A B.C. paramedic and peers around the province are collecting signatures to petition the government to consider ambulance service paramedics and dispatchers an essential service like fire and police.
Joshua Henshaw says the roughly 4,000 paramedics are now under the Health Authorities Act.
This means they bargain along with hospital support staff like lab techs, clerks, and cleaning staff.
But with members making up just 10% of that unit, he says their voices are limited.
“When it comes to bargaining we have no control over strike votes or accepting or refusing contracts. We don’t think the ambulance service should be in that precarious of a position.”
The petition seeks to amend the Fire and Police Services Collective Bargaining Act to include paramedics.
In doing so, it would remove the right of ambulance paramedics to strike, and also block their employer from locking them out – instead requiring that disputes be solved through arbitration.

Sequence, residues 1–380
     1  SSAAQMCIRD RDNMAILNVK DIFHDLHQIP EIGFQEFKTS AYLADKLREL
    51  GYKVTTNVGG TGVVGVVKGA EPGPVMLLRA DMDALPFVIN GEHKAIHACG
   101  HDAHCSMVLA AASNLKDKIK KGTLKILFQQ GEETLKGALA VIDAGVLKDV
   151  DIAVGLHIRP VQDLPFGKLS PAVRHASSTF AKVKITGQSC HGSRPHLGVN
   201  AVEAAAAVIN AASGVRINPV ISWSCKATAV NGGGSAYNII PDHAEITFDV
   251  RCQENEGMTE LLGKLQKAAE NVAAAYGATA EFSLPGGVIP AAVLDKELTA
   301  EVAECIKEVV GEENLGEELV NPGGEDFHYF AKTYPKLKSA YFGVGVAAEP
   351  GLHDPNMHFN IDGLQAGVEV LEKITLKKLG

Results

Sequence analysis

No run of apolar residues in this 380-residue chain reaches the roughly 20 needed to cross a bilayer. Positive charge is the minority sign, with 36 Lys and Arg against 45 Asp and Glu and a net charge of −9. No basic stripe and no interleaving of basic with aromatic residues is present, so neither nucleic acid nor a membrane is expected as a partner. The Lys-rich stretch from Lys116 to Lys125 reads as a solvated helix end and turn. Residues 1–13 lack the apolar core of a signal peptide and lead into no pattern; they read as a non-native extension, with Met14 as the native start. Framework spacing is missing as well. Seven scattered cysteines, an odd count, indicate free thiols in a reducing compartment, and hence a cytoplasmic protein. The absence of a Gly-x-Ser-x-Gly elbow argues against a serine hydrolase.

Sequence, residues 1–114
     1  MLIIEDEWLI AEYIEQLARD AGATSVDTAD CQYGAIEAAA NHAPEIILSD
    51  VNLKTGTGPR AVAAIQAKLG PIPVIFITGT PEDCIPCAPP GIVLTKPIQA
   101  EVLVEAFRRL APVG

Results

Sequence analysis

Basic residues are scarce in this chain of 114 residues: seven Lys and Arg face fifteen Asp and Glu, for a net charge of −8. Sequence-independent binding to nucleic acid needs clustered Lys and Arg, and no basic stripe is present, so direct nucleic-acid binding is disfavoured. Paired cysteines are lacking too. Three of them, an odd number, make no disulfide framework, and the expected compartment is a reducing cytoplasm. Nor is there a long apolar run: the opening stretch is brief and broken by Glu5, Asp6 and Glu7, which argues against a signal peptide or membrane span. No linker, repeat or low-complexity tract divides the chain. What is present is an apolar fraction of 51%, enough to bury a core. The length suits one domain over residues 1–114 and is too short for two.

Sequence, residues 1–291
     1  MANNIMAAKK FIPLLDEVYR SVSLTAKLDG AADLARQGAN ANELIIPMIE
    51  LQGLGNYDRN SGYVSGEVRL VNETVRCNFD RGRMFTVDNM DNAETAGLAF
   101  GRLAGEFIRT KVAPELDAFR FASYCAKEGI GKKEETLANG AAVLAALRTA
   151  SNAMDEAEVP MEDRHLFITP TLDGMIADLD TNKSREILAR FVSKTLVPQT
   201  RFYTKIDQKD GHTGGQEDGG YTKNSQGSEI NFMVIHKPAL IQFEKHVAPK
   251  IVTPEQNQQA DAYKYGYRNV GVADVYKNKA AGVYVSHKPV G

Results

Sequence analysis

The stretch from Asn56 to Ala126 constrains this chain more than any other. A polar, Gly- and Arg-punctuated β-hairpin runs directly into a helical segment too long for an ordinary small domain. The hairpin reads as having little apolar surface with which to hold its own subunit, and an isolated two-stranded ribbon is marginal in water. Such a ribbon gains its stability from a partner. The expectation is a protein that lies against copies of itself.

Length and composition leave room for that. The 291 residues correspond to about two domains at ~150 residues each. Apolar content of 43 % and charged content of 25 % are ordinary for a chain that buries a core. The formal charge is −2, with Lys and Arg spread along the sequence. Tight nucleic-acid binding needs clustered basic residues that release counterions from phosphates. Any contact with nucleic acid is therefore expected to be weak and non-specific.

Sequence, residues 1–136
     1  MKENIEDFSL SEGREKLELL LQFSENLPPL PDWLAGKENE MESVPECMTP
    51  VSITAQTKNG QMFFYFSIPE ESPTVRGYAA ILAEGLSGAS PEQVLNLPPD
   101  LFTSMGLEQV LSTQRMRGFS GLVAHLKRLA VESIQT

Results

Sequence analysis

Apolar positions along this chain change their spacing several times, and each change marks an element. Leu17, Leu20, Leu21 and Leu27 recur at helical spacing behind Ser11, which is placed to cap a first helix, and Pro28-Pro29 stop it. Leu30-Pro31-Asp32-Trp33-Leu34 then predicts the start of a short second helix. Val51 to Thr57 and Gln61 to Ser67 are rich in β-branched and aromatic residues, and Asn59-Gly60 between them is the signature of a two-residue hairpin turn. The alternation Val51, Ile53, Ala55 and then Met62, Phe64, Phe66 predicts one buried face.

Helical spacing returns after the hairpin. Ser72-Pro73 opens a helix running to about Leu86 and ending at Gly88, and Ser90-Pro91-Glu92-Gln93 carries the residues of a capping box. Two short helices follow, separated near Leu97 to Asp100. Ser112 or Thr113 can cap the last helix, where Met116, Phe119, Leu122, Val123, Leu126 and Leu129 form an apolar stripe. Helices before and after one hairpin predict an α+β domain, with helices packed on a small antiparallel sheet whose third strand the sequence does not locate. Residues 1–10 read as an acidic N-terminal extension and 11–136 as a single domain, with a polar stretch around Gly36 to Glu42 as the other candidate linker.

“If there’s an impasse and we can’t negotiate a deal in good faith then the third party arbitrator can come in and make a binding decision on both sides,” Henshaw says.
B.C. paramedics last went on strike in 2009, a dispute which ended with then Health Minister Kevin Falcon legislating them back to work.
During that dispute, the Labour Relations Board put the union under an essential services order to ensure emergency medical services were available.
The petition is being launched under the Recall and Initiative Act, the same law that enabled the HST referendum.
Under the legislation, proponents have 90 days to collect signatures from at least 10% of the registered voters in each of British Columbia’s 85 ridings in order to have their bill brought to the legislature.
Elections B.C. has given Henshaw until April tenth to collect nearly 316,000 signatures.
With files from Simon Little